Will the Last Taxpayer in Illinois Please Turn Out the Lights: An Economic Assessment of the Illinois ‘Fair Tax’

Published October 28, 2020

Executive Summary

This study examines the proposed state constitutional amendment that would change the Illinois state income tax from a flat tax to a graduated income tax. Passage of the constitutional amendment would allow the enactment of Illinois Senate Bill 687, which would raise personal and corporate income tax rates. The highest personal income tax rate would rise by more than 60 percent, from 4.95 percent to 7.99 percent. This would be one of the largest tax increases on small and large businesses imposed in any state in at least the past two decades.

In this study, we examine how similar tax changes enacted in other states over the past 60 years have affected economic performance. We also examine Illinois’ current economic performance and analyze the effect these proposed tax changes would have on the state’s future performance. Finally, we provide econometric projections to quantify the economic impact of the proposed constitutional amendment. We provide a range of estimates of job losses, outmigration, lost production and state income, and slower home value appreciation.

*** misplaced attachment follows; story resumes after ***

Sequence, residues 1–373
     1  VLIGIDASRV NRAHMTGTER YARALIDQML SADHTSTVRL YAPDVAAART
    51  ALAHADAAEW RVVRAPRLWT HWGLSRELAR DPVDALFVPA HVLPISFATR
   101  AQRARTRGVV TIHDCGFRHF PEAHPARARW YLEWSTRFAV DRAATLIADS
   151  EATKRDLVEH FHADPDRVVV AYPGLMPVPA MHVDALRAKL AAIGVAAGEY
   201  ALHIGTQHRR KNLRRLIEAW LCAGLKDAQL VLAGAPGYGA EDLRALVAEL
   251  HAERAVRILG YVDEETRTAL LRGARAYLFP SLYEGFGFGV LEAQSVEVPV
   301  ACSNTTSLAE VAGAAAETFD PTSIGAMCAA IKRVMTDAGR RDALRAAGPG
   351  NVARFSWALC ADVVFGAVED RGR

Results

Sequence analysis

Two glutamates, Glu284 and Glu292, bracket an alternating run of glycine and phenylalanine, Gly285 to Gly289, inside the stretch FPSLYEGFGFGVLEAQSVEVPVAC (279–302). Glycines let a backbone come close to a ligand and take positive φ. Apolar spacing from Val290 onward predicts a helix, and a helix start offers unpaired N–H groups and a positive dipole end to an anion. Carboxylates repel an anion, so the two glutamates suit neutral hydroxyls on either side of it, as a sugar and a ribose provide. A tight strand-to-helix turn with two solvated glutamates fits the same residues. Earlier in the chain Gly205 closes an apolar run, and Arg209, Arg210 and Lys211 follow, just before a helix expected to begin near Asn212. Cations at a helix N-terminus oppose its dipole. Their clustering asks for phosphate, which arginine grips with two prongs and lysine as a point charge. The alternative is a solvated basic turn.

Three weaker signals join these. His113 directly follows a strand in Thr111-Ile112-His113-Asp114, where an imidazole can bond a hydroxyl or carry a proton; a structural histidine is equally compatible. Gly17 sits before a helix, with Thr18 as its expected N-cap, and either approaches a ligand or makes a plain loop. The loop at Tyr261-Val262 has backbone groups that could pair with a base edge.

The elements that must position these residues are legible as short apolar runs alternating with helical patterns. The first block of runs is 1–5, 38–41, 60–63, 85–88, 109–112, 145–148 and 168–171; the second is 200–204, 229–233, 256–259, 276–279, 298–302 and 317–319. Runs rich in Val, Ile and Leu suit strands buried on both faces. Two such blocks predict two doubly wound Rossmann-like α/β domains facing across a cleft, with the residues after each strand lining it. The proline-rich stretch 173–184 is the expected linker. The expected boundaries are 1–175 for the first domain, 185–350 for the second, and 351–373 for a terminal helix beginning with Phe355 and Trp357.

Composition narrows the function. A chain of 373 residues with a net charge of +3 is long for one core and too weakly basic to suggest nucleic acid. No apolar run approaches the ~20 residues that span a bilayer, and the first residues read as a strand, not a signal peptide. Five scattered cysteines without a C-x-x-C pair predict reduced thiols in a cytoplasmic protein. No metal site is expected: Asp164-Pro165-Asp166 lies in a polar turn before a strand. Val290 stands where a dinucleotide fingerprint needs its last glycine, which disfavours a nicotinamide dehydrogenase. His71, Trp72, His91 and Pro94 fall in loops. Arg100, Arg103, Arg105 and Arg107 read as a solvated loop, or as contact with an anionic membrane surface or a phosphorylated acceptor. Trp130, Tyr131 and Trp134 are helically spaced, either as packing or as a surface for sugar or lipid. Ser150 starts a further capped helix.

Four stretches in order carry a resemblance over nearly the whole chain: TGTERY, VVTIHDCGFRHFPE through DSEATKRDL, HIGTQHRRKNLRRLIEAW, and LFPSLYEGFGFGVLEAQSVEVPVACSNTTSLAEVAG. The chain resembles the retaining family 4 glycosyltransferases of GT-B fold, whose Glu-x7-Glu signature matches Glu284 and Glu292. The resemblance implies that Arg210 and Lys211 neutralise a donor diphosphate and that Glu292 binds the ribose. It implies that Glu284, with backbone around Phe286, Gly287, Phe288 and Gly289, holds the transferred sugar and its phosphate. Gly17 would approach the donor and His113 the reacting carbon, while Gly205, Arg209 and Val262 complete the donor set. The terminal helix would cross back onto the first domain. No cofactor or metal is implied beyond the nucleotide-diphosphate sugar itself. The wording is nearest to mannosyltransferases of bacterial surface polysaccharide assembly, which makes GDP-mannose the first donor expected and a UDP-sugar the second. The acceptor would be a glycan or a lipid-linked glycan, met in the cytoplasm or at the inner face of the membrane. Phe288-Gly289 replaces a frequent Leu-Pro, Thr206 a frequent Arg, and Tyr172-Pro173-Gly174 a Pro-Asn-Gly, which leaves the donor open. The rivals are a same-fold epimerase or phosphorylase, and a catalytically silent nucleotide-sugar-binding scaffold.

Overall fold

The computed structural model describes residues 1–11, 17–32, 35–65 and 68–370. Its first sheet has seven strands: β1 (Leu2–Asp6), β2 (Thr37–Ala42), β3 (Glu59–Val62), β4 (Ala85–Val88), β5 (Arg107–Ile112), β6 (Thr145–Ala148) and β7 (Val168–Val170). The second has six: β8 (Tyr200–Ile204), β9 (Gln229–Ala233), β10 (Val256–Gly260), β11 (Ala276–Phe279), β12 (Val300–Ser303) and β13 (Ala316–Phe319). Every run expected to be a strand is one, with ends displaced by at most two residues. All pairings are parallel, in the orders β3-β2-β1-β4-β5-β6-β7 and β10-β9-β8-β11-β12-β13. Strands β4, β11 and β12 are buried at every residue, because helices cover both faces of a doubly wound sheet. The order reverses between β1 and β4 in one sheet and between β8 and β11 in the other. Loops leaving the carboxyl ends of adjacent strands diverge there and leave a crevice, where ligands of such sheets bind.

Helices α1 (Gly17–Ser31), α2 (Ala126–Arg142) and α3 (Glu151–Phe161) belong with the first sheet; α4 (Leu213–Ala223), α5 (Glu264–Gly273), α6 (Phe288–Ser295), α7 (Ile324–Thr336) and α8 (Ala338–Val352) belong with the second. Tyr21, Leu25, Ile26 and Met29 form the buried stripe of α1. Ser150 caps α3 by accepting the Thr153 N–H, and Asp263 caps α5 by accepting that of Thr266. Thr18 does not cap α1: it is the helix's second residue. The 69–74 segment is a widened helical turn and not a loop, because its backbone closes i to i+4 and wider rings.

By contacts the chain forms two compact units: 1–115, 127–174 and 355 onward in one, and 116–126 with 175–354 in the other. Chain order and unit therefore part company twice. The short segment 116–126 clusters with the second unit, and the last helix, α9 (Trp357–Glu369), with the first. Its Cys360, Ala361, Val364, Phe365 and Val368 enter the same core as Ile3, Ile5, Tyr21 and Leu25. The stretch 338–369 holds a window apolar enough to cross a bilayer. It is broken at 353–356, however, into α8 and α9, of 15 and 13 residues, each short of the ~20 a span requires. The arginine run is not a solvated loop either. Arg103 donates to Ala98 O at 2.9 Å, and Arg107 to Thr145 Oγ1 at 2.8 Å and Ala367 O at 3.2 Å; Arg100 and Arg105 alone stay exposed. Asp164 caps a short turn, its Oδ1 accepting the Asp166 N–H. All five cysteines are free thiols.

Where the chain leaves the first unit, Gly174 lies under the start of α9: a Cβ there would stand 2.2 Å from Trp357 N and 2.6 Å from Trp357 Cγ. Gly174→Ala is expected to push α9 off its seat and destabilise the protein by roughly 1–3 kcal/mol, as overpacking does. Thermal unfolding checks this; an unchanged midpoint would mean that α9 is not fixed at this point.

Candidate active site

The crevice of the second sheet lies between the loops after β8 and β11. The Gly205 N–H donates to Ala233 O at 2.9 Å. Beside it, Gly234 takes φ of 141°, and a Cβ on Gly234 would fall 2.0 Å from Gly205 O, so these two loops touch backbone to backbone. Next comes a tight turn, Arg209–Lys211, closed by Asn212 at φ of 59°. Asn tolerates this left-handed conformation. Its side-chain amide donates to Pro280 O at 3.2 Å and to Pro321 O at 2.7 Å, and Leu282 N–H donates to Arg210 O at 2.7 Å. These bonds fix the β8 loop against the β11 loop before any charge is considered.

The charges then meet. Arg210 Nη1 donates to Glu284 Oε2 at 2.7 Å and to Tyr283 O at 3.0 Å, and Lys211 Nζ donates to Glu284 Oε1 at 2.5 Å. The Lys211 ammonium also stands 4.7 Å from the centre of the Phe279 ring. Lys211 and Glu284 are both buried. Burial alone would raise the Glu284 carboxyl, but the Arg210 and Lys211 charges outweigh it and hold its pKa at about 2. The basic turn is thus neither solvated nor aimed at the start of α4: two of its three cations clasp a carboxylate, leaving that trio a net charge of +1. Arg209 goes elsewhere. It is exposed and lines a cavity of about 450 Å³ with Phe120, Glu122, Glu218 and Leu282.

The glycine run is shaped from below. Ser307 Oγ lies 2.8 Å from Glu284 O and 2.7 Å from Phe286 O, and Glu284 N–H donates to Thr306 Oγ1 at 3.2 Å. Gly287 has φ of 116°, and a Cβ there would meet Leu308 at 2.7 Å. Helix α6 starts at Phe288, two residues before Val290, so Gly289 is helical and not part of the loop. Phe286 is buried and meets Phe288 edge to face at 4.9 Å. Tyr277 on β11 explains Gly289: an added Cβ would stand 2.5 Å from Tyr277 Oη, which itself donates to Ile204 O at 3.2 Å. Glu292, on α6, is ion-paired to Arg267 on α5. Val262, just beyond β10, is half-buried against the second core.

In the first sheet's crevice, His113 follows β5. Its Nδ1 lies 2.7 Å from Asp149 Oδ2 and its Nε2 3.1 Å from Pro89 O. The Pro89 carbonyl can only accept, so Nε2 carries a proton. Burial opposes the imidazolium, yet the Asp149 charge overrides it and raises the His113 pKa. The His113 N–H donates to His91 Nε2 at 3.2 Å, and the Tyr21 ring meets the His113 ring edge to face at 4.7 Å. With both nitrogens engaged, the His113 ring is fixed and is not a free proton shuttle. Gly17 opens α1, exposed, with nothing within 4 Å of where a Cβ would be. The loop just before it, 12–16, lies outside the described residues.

We find that the Illinois “Allow for Graduated Income Tax Amendment” would have significant negative effects on the state’s economy and its citizens.

Passage of Illinois Senate Joint Resolution Constitutional Amendment 1, in conjunction with Senate Bill 687, would introduce the following tax changes:

  • Increase the top personal income tax rate from 4.95 percent to 7.99 percent
  • Set the top tax bracket at $750,000 for individuals and $1 million for joint filers
  • Apply the top rate of 7.99 percent to all income (not just income above $750,000/$1,000,000) for those in the top bracket
  • Subject filers with taxable income below $750,000/$1,000,000 to a graduated tax schedule with a top rate of 7.85 percent[1]
  • Increase the top net corporate income tax rate from 9.5 percent to 10.49 percent
  • Establish a tax amnesty program for evaders of the franchise tax and license fees
  • Phase out and repeal the Illinois franchise tax by January 1, 2024

[1] Because of the switch to a flat tax above $750,000, there is a cliff effect: Filers making $750,000 would pay $51,460 in state tax, whereas filers making $750,001 would pay $60,005—a difference of $8,545.


Watch the full presentation of the paper by the authors below.